Tell Me About: Trail Running Shoes

Trail running shoes: they may not be the answer to all of your slippery, sliding, backcountry needs, but perhaps it's exactly what you're looking for... but, what is a trail running shoe? Let’s dive into a few things to look for and what separates these from your run of the mill road running shoe or hiking boot.
Samantha Sanders Samantha Sanders
Trail Running Committee
October 07, 2017
Tell Me About: Trail Running Shoes
View this beautiful herd of trail running shoes: a variety of different styles and intensities.

You’re walking down your favorite trail, newly watered by an autumn shower, when it strikes. That misstep or unexpected slide leading to feelings of both weightlessness and panic: will you get that other foot down in time or end up kissing mud?

Enter: the trail running shoe. Though it won’t be the answer to all of your slippery, sliding, backcountry needs, perhaps it could be the assist you’re looking for during those especially rugged days.

So… what is a trail running shoe?

Let’s break it down into some of the most important features, things that anyone in search of this fanciful beast should know to look for and what separates these from your run of the mill road running shoe or hiking boot.

If you’re new to running, hiking, or other let’s-spend-a-long-time-on-our-feet-repeating-the-same-motion sports, then some of these can be tough questions for you. However, chances are that you have some sort of experience when it comes to your  'feet needs'. Take note of those as you read through your options.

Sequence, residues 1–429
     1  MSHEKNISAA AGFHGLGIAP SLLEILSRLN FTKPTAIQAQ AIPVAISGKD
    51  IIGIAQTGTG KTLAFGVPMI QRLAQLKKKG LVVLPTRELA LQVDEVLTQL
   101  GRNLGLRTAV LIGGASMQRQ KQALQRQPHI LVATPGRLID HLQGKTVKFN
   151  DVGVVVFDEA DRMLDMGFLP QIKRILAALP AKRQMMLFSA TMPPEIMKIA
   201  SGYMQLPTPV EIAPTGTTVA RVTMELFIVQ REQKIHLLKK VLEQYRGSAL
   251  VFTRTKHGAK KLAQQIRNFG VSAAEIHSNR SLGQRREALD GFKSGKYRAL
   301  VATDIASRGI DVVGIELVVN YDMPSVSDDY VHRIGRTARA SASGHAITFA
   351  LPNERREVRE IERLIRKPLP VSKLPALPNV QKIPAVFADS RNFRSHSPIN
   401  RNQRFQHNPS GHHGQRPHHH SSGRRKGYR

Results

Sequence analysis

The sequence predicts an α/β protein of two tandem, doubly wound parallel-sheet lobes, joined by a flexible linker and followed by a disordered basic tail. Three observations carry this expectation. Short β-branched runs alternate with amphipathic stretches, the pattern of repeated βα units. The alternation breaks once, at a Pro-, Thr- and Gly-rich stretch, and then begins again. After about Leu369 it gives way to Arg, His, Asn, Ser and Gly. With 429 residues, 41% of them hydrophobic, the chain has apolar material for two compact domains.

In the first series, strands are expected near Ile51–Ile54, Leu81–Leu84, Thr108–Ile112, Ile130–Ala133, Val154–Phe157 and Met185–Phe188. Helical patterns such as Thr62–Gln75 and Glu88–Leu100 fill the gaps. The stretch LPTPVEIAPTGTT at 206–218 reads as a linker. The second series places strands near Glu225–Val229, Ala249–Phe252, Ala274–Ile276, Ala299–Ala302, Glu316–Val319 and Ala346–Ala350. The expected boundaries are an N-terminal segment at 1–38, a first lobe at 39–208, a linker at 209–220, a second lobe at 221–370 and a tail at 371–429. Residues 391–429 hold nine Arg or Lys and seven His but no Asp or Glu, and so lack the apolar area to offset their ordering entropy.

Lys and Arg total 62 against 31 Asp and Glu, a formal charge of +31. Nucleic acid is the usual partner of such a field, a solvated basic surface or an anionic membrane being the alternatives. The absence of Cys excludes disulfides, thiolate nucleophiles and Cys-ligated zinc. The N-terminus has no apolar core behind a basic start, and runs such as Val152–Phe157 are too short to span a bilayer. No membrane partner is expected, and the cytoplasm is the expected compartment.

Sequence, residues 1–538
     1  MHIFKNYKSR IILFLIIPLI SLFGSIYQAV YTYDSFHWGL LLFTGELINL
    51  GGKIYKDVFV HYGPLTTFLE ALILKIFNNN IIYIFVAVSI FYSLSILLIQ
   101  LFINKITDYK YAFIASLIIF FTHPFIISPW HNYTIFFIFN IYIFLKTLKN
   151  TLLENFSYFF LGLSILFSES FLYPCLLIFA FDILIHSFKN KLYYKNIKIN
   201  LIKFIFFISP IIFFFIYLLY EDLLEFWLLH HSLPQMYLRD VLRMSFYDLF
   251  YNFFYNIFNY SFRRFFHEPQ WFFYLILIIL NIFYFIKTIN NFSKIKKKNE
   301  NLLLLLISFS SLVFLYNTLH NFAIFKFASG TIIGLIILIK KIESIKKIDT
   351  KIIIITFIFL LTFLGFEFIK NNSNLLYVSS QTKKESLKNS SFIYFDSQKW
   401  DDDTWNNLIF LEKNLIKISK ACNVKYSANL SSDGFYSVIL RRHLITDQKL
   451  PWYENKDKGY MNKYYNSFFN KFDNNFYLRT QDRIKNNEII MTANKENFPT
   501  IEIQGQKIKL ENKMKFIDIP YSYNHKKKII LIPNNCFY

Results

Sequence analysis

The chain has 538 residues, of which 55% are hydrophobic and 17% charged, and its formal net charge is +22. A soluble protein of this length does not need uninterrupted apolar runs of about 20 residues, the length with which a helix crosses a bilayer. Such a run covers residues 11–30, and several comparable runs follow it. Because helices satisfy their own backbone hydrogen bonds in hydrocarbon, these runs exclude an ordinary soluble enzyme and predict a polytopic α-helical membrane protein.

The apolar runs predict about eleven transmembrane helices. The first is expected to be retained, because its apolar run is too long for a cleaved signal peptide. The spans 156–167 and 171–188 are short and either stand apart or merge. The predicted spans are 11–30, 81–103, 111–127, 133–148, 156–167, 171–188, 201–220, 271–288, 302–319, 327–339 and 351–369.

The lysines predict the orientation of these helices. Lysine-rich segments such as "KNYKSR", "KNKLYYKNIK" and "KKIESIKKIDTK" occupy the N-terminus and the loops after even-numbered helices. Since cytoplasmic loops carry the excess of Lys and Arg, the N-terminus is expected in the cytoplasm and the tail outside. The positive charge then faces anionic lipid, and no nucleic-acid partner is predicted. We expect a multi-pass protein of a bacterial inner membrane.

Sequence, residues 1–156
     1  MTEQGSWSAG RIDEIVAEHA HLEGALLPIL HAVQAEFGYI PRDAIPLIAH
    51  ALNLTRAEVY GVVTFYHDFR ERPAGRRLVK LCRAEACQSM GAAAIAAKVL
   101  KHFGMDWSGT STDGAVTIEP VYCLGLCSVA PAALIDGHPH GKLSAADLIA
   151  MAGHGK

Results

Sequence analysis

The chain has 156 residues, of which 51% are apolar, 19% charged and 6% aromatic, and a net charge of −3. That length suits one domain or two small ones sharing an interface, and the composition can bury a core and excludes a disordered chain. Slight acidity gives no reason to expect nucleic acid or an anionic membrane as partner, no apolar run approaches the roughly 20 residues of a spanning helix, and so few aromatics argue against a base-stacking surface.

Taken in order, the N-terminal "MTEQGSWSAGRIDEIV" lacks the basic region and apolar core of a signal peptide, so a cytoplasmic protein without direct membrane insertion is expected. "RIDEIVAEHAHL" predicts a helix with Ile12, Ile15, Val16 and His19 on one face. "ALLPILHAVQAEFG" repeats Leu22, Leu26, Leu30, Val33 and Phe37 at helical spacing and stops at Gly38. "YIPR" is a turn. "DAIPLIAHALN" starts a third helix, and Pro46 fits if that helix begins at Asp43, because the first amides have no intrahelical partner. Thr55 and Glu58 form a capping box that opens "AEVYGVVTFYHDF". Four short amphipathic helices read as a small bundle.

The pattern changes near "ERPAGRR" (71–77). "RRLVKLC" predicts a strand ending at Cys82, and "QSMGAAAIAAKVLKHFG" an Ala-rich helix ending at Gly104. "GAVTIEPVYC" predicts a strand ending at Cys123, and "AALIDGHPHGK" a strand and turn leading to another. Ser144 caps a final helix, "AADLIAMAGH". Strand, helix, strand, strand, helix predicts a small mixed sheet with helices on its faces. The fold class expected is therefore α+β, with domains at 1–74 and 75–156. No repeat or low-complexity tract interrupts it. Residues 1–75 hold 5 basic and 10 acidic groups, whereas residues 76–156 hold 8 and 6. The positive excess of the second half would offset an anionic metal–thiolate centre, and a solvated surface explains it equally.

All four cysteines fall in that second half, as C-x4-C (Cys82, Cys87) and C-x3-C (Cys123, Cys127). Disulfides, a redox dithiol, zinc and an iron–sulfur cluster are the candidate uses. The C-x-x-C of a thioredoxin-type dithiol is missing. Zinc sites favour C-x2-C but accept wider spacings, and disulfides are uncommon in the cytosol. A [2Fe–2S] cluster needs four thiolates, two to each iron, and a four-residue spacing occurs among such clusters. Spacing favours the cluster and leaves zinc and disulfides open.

Sam Foot.jpg


When approaching the wild trail running shoe you may notice  it has much less flex than your average road running shoe, but much more than your hiking boots. Trail runners (the shoes) are the compromise between the lighter weights of the road shoes and the stiff, often shanked hiking boots. They provide enough support that your foot shouldn’t be folding around rocks (you can test this by putting the middle of your foot around a hard edge when trying on a new pair), but not so much that you’d be able to kick your own steps into ice or snow.

Bad ankles? Me too. Another tradeoff with trail runners is reduced ankle support. For me, I’ve been able to navigate this with a series of interior of shoe or interior of sock ankle devices (not to mention ankle exercises). This may not work for everyone, but the comfort I gain from the weight and design of this type of shoe has made it worth it.

Minimalist runner? No fear: there are trail running shoes for you as well! From ‘racing types’, the sleeker, lighter cousin of the stiffer trail runners, to a true zero-drop[i] meshed shoe with fantastic tread, types of trail running shoes have also been broadening.    

On the left you have a semi-minimalist road running shoe versus a heavier duty trail running shoe. Take note of a few of the differences between the two.       


Similar or, dare I say, often more aggressive than your hiking boots, the tread on trail running shoes can cross the whole gambit, but, on average, falls on the deeper lug/tread pattern end of the spectrum. The deep tread grants seemingly magical sticking powers in types of mud, leaves, snow, and other soft materials. However, the same cannot be said for the three R’s: on wet roots, roads, or large rocks. Deeper tread means less friction-creating surface area on the R’s; it’s usually not a show-stopper, but be aware that it will sometimes be a better decision to run in the dirt on the side of the road than the asphalt itself, when trying to get to the trailhead.

Tread differences between  three different types of trail running shoes